Sunday, August 5, 2012

7/27-  Cinema in Chile: Media, Film and Visual Effects
Carolina Larraín
Institute of Communication & Image
Universidad de Chile

One of the presentations that stood out to me over the past couple of weeks was on Chilean Cinema.  There was so much that Carolina brought up that it was difficult to write about and do her presentation proper justice.  I do know however that her lecture brought to life the importance of art in political discourse.  The media has been run by the elite in Chile for many years and many believe that democracy has been betrayed by these institutions.  From biased journalism to lack of transparency, citizens generally do not trust the journalists to be neutral.  Therefore, people turn to artists to be the real media and politicians. For instance, in Valparaiso, there is a place called Quinto Normal that acts as an outdoor museum where artists can share their work and political views for free.

Another interesting fact is that in the 1930’s, films with sound were introduced to Chile.  This had the surprising effect of limiting the audience that could understand the language of the films and therefore shrunk the audience considerably.  The film industry has always struggled in Chile, according to Carolina, to the point where it has stayed relatively small.  A small group of film stars has made it through to be significant actors in the news and political discourse however.  The World Cup of 1962 increased the number of viewers because many families bought televisions for the event.  In the 1960’s, the first film schools opened and mostly the elites could afford to attend.  There was a documentary boom about topics of social justice and other political issues.  These prove essential to our understanding of the military coup of 1973, once they were recovered from other countries that finally returned them after the military regime was no longer in power.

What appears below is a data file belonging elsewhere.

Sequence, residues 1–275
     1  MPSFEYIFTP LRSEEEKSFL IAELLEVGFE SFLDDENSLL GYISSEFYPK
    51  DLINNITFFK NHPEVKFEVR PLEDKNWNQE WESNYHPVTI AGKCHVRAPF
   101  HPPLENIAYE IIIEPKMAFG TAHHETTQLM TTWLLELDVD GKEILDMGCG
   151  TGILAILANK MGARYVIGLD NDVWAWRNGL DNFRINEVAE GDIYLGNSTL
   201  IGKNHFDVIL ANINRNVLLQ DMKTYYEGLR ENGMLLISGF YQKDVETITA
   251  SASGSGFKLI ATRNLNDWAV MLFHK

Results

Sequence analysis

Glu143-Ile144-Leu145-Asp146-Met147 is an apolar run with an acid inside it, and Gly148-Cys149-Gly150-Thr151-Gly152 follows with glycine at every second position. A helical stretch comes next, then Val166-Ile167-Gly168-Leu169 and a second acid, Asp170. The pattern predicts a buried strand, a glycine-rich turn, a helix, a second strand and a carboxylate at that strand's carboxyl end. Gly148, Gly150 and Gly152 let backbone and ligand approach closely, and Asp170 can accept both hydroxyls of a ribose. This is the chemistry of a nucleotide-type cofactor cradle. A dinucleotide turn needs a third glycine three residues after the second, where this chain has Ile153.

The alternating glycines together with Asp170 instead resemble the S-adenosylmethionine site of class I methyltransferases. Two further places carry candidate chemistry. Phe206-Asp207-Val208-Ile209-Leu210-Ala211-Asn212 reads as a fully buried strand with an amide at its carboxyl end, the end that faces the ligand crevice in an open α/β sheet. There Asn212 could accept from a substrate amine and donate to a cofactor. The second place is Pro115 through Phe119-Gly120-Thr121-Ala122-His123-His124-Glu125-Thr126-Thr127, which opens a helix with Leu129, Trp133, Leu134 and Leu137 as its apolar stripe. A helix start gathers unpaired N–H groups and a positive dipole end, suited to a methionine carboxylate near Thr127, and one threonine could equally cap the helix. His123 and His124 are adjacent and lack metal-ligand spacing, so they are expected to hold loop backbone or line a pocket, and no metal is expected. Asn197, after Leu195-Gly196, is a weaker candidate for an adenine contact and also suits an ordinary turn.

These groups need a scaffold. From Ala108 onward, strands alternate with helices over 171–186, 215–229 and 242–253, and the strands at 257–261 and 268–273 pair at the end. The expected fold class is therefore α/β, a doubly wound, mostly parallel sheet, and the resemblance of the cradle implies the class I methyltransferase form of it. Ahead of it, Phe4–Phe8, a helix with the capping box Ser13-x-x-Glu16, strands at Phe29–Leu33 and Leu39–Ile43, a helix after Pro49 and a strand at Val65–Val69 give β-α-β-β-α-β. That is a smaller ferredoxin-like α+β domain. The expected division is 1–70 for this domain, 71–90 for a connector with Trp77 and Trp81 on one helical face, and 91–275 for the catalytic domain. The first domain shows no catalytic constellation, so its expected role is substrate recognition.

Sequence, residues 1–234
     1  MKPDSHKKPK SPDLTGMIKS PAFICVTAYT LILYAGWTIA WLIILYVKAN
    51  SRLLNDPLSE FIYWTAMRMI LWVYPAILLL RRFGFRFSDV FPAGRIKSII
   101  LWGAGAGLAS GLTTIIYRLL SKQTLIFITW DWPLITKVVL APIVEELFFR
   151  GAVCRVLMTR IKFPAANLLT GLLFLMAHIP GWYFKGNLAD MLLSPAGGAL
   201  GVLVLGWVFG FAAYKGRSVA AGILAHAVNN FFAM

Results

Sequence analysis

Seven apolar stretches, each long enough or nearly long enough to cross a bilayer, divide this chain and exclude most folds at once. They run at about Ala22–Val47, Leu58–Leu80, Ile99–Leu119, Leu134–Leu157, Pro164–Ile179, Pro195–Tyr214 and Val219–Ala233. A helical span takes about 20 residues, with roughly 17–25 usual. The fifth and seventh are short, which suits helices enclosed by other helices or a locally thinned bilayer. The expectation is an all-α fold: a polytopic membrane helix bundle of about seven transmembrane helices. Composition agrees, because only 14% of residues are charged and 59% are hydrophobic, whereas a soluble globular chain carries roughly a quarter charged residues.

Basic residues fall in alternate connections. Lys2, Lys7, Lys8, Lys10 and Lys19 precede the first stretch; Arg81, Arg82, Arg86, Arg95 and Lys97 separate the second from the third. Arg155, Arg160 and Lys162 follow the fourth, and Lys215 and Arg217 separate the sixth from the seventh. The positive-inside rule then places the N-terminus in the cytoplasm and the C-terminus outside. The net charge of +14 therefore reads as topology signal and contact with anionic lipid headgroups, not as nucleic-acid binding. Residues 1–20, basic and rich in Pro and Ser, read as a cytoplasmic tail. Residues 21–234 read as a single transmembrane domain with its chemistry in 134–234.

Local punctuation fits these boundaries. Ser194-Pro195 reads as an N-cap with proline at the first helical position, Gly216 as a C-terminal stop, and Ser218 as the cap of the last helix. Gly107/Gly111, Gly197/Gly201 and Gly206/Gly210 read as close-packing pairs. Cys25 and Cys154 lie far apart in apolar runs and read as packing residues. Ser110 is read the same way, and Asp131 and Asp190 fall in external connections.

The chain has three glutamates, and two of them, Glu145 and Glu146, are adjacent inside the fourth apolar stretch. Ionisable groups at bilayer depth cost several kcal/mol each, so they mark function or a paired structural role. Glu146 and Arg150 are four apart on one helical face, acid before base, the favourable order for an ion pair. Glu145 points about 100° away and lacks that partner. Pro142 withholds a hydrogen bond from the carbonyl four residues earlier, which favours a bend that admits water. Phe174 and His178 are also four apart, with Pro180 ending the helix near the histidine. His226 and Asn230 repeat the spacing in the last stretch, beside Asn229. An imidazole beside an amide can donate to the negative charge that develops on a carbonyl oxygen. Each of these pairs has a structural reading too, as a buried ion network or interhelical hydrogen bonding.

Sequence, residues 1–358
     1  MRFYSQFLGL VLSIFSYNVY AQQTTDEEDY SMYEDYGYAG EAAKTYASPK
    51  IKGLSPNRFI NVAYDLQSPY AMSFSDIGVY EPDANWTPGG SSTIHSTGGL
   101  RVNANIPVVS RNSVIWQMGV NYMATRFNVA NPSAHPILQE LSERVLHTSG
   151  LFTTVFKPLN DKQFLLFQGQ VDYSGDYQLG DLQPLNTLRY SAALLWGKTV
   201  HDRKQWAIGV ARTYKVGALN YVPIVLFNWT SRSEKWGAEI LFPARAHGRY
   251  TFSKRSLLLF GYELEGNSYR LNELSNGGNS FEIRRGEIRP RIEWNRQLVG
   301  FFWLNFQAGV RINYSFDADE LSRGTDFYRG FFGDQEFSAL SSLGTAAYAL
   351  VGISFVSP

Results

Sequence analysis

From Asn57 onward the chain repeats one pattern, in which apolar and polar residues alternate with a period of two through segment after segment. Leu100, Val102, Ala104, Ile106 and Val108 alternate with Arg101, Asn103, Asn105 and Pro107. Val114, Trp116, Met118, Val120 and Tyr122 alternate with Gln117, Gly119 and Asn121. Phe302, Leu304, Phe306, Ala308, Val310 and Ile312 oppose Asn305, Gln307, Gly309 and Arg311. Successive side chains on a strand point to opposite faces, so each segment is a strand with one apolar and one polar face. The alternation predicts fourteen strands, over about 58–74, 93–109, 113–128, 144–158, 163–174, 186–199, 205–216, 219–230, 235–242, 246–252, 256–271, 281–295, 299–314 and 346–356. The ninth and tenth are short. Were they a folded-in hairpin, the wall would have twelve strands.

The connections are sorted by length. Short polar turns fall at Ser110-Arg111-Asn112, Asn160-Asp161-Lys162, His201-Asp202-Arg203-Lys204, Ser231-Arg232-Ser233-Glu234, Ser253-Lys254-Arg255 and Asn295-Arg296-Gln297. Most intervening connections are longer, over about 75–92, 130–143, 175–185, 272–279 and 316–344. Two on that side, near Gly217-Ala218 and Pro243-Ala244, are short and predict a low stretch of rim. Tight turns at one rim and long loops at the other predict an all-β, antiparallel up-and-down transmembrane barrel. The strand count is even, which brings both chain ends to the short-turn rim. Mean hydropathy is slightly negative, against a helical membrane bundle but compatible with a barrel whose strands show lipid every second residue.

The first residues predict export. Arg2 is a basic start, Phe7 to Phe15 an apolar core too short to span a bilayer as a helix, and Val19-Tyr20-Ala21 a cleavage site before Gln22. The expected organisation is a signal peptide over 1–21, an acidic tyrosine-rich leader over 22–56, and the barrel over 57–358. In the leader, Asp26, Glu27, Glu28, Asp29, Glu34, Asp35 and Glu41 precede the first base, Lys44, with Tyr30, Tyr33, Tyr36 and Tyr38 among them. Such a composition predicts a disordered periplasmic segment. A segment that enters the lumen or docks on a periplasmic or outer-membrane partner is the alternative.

The main way to watch films from the 1950’s to 1973 was in the theater where they would show the film and have discussions afterwards.  Many of these films were politically charged and carried strong messages.  Commercial film crept onto the scene and new cinemas developed.  The film industry has been able to expand at a rapid rate in recent years due to the ubiquity of online distribution and less expensive means of production.  Chilean films have increasingly been found in more and more film festivals globally and the satirical/parody genres addressing social issues have become popular.

Chile seems to have always been politically aware and active.  Films seem to have captured this sentiment in it’s many forms throughout the years and pushed people to be aware of their surroundings.  Film is a powerful tool to mobilize and inform masses about social issues and Chilean films have demonstrated this power.

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